Cleanup of Kesterson National Wildlife Refuge could begin in January under a plan approved to dump selenium-contaminated waste water into the San Joaquin River.
The state Central Valley Regional Water Control Board on Friday voted unanimously to permit the discharge of Kesterson pond water into the river as long as the tainted water is diluted with fresh water.
Drainage of the ponds will allow the federal Bureau of Reclamation to remove selenium-contaminated soil and plants and move them to a 45-acre dump on the 5,900-acre Kesterson refuge, north of Los Banos in Merced County.
Officials said the project must win $10 million to $25 million in funding next week and survive threats in Congress to block the river discharge if it is to meet an August cleanup deadline.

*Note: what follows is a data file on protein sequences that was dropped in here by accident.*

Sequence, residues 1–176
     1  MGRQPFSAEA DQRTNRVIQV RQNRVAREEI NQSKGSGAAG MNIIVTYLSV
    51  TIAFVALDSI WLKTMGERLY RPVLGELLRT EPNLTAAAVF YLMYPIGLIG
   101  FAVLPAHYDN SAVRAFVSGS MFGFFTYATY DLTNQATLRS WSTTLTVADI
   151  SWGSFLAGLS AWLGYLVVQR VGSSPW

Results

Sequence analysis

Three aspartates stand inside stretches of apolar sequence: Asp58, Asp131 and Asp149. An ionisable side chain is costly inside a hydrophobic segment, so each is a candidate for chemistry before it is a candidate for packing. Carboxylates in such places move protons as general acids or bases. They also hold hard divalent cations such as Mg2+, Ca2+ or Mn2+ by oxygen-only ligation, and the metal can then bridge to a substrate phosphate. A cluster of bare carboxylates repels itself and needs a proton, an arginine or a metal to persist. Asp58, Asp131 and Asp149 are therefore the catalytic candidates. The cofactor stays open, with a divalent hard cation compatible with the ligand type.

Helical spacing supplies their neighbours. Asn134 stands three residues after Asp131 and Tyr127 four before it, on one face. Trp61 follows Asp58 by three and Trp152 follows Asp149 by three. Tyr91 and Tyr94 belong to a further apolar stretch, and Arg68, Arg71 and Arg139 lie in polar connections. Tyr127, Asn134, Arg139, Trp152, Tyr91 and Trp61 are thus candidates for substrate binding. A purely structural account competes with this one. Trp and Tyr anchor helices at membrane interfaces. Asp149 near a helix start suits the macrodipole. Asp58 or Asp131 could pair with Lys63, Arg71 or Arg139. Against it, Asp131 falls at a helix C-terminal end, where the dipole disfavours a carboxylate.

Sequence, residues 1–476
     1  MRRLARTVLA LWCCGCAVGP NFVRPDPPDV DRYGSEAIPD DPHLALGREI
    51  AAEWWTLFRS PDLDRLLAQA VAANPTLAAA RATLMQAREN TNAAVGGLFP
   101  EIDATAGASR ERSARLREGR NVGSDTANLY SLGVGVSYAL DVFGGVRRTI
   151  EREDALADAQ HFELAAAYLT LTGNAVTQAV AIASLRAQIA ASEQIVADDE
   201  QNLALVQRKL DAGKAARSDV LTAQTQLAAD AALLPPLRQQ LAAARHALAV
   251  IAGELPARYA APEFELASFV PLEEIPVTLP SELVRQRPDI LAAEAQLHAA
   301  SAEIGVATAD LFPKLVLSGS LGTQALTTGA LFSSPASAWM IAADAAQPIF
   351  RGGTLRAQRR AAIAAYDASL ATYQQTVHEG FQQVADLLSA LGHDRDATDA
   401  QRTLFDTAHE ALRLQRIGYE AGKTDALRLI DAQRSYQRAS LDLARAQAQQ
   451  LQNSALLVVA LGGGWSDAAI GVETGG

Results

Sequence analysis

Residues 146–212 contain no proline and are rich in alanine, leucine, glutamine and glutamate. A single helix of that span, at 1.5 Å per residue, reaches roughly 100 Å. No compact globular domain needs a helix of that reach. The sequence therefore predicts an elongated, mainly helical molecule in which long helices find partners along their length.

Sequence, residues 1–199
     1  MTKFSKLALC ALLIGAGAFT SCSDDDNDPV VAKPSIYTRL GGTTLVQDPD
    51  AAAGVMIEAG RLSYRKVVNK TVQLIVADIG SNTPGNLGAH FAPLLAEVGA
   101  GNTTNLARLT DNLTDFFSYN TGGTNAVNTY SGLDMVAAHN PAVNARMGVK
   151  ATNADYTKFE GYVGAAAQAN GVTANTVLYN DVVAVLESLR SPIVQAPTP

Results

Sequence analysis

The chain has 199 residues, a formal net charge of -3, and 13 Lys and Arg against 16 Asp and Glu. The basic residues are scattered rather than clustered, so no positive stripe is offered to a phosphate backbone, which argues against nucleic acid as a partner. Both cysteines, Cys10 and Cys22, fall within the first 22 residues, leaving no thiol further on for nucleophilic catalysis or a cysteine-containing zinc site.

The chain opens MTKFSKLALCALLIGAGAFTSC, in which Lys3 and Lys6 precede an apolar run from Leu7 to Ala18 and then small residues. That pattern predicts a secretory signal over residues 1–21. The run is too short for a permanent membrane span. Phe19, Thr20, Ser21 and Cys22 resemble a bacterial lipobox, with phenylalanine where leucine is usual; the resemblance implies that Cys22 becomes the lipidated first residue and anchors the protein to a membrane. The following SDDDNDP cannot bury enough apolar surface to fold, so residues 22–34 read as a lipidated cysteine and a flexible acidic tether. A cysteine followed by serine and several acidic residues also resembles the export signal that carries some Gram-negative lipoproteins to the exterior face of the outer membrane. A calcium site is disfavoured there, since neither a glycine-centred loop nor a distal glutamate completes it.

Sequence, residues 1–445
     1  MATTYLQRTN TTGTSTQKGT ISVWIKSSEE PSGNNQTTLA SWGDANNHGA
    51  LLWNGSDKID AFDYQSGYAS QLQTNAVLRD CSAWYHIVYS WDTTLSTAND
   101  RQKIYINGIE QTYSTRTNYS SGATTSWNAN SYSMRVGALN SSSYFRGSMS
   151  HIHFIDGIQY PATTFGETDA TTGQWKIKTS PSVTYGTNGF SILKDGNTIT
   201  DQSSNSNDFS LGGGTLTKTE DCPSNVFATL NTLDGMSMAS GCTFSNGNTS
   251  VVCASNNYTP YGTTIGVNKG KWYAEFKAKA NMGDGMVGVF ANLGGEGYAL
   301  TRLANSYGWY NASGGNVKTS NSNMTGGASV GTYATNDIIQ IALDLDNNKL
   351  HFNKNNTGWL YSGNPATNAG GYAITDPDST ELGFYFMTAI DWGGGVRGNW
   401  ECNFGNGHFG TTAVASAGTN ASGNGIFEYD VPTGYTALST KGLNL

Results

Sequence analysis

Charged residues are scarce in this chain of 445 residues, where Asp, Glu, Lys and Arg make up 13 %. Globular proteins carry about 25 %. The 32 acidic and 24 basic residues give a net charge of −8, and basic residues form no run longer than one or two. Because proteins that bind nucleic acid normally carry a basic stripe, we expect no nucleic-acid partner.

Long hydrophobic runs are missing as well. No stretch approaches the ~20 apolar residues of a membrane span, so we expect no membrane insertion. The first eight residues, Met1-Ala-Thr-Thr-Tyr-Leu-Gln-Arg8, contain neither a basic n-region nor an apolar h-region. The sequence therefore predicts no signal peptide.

Although there was no testimony against the proposal during Friday’s hearing, a dozen Northern California lawmakers have claimed that the discharge would make pollution worse in San Francisco Bay and the Sacramento-San Joaquin River Delta.
Kesterson Reservoir, a network of 12 ponds used to collect farm runoff from 1978 to 1985, was ordered closed by the government.